I was under the impression that 70% of the core funding ratio had to be supplied by the local market. If that’s wrong (which the article you’ve linked to does not clarify) I don’t particularly give a fuck. You argue that the way in which Kiwibank funds its loans means it pushes up fees. This is clearly incorrect as Kiwibanks fees are consistently lower than other banks. You argued that Kiwibanks loans/advances to deposits ratio of 80% means it cannot support its lending, while its mortgage book growth is second only to BNZ march 2011. Its deposit growth is also more than it’s lending growth. Your motivation is obviously to discredit Kiwibank with incorrect information.

      • vto 23.1.2

        aha Gosman, no wonder you measure everything in simple dollar terms only.

        I would be interested to hear your opinion on the privately owned fractional reserve banking system…

        • Gosman 23.1.2.1

          The trouble with the whole Fractional Banking theory that seems to underpin many a leftists objection to banking is that it ignores standard banking best practice, (admittedly something which banks themselves sometimes do as well), and doesn’t take into account the wider productive economy. The whole idea behind it seems predicated on the concept that the banks multiply the money supply by lending money out that they themselves lent in the first place. What that ignores is that when I lend someone capital it is on the basis that the person borrowing it should look to generate an income to cover the outgoings. So therefore if I borrow 100,000 dollars at 10 % I wouldn’t just borrow another 110,000 dollars to pay it off in a years time. I will need an income from a productive source such as selling my labour or an idea that generates an income sufficient for me to meet my debt outgoings. Problems arise when borrowings are used for speculative purposes and people overleverage. This is where proper risk management techniques should be employed by the banks to restrict their exposure to credit defaults. Now I am the first to acknowledge that banks haven’t been very good at doing this but that is the beauty of the market. Any bank that doesn’t follow prudent credit risk management will end up like Northern Rock and Lehman Bros. The poblem with this is that the downside of collapses is that they tend to freeze up the credit markets for a long time and have a big impact on the economy. Electorates don’t tend to like this so they wish to reduce the impact of these market lessons.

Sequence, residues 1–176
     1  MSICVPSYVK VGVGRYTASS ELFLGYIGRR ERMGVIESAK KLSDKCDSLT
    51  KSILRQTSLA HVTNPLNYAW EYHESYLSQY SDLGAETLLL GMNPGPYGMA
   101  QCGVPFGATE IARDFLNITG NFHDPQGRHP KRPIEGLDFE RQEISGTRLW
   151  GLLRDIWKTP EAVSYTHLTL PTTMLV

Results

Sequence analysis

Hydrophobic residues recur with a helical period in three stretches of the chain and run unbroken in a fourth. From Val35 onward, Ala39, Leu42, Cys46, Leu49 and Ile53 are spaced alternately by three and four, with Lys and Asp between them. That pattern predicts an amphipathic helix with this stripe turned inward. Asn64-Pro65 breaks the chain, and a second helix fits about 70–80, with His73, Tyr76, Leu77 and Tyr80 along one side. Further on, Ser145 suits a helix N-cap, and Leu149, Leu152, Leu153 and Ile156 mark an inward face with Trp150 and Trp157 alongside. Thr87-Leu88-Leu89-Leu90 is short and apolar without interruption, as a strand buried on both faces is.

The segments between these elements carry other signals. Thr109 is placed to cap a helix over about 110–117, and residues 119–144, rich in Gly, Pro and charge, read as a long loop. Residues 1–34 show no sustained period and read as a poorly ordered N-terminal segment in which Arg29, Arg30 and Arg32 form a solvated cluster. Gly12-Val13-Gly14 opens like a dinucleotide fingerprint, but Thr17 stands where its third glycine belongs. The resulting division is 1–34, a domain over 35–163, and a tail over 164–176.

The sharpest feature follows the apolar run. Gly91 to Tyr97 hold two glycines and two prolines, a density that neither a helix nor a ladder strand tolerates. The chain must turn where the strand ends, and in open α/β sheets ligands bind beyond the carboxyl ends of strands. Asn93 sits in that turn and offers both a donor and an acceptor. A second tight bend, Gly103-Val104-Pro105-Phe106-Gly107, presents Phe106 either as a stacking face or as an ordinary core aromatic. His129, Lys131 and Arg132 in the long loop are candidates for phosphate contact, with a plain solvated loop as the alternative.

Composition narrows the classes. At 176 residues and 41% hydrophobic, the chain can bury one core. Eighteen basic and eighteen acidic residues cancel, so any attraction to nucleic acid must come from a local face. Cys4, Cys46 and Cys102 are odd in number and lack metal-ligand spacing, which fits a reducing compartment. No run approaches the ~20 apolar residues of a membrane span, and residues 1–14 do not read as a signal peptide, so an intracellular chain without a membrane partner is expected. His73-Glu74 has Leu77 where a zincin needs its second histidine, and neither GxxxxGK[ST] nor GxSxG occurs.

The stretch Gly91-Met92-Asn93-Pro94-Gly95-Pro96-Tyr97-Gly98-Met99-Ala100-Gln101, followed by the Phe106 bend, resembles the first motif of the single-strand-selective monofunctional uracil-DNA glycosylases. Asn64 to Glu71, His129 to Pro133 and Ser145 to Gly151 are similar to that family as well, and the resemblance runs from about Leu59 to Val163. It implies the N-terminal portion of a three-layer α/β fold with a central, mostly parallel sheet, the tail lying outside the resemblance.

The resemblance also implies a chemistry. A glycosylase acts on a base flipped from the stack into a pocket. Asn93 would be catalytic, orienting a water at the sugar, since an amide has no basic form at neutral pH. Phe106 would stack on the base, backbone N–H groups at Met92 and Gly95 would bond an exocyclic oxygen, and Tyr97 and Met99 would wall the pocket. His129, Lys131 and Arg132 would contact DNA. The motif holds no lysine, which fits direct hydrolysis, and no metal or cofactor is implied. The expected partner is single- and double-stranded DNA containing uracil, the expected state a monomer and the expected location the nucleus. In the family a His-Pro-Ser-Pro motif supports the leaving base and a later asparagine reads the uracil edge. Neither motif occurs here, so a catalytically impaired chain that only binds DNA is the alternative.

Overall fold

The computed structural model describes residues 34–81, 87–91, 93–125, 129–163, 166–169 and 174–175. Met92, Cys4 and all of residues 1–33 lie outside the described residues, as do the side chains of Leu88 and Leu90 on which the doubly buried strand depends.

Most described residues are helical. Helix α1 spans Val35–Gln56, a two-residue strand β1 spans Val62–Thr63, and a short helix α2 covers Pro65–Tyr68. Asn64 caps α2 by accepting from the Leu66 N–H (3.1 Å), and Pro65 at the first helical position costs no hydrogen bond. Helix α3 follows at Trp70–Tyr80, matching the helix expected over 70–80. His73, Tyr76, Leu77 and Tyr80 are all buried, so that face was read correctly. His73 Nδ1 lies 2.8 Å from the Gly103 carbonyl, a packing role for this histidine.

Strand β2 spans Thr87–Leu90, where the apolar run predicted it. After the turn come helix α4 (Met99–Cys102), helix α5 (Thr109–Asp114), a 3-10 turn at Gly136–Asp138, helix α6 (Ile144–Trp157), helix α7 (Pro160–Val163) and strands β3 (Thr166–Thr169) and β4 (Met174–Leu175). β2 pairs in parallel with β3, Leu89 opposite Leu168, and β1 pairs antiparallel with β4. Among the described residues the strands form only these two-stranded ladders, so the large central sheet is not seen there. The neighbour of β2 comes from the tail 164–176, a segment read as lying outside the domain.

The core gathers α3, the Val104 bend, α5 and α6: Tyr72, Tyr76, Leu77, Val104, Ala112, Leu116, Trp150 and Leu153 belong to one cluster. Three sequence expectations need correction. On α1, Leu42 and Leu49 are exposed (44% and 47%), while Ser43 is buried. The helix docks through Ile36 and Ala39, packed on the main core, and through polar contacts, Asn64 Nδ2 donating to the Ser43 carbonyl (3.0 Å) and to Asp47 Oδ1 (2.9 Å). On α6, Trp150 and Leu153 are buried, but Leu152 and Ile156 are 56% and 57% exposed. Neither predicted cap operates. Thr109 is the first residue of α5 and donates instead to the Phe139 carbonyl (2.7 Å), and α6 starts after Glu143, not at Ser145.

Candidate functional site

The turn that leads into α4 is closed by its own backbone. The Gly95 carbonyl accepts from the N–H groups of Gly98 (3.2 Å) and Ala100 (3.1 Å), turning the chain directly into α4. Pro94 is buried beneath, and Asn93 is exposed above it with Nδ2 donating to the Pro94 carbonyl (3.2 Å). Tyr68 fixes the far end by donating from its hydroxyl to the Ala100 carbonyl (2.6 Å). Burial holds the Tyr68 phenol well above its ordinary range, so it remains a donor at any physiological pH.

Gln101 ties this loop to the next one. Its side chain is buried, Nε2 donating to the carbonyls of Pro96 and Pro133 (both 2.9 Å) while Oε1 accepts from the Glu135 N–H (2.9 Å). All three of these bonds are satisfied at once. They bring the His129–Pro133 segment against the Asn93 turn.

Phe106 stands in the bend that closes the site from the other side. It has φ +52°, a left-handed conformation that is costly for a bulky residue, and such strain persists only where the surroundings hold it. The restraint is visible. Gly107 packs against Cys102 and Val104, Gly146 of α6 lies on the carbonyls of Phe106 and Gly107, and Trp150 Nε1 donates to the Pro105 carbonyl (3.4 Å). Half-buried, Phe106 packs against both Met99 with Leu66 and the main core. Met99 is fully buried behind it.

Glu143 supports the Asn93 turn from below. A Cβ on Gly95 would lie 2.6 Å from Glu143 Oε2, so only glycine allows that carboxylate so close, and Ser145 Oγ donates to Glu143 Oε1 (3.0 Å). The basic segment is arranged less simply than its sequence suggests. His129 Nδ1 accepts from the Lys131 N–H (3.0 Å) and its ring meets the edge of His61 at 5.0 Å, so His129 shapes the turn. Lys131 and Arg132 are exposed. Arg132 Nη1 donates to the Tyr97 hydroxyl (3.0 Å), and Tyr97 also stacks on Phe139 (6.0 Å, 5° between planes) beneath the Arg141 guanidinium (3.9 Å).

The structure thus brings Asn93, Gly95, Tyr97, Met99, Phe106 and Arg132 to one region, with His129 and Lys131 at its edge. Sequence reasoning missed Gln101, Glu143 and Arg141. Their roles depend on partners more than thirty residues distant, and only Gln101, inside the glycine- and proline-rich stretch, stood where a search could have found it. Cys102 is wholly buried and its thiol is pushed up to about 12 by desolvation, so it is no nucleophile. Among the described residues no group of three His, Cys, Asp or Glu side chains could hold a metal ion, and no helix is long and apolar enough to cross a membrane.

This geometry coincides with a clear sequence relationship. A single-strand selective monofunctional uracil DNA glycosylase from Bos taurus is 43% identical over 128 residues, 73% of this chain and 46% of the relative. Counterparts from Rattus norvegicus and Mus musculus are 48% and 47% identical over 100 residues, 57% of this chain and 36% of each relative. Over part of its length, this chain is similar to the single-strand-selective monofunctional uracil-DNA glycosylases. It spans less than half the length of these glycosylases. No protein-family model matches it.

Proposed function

• Colonial Viper 23.1.2.1.1

            So therefore if I borrow 100,000 dollars at 10 % I wouldn’t just borrow another 110,000 dollars to pay it off in a years time. I will need an income from a productive source such as selling my labour or an idea that generates an income sufficient for me to meet my debt outgoings.

            Uh, you may think its a productive source, but if the money you are being paid by clients for your ‘productive work’ is sourced from bank credit (e.g. a customer’s overdraft or credit card) all you are doing is using money from one bank debt to pay off another bank debt.

            Bottom line: most of the money in our economy was lent into existance by the creation of interest bearing debt, and interest bearing debt needs a perpetually growing economy to service without falling behind.

            • vto 23.1.2.1.1.1

              “Bottom line: most of the money in our economy was lent into existance by the creation of interest bearing debt, and interest bearing debt needs a perpetually growing economy to service without falling behind.”

              That is it CV, the problem with fractional reserve banking in a nutshell.

              A bank, when it makes a loan, creates the debt from nothing (or pretty much nothing. I think to make a $100 loan it only needs $10 deposited. And that $10 is often debt from elsewhere as well!)

              The fractional reserve banking system we operate under is a ponzi scheme in its purest sense.

              It is completely and utterly unsustainable. The recent GFC and the current continuings are the reverberations before the complete collapse. It has hit the wall. Watch out!

            • Gosman 23.1.2.1.1.2

              You would be correct if the money that people spend is purely or even mainly sourced via credit sources. It is one of the contributing factors to the US economic problem it is true. But Creditcard companies also need to take into account the ability of their customers to service their debts. Considering many of these are commerical banks then the same Credit risk management restrictions apply.

              • Colonial Viper

                But Creditcard companies also need to take into account the ability of their customers to service their debts. Considering many of these are commerical banks then the same Credit risk management restrictions apply.

                You must be fucking kidding me.

                The situation in NZ is not so bad as there are some controls on credit card lending (but seriously, 20.95% interest rates and penalties and fees up the wazooo???). In the US the practice was to send unsolicited pre-approved credit cards out in the mail expecting the cards to default in 1/3 or 1/4 of cases, but the fees and interest on the remaining cards sent out still made the practice hugely profitable.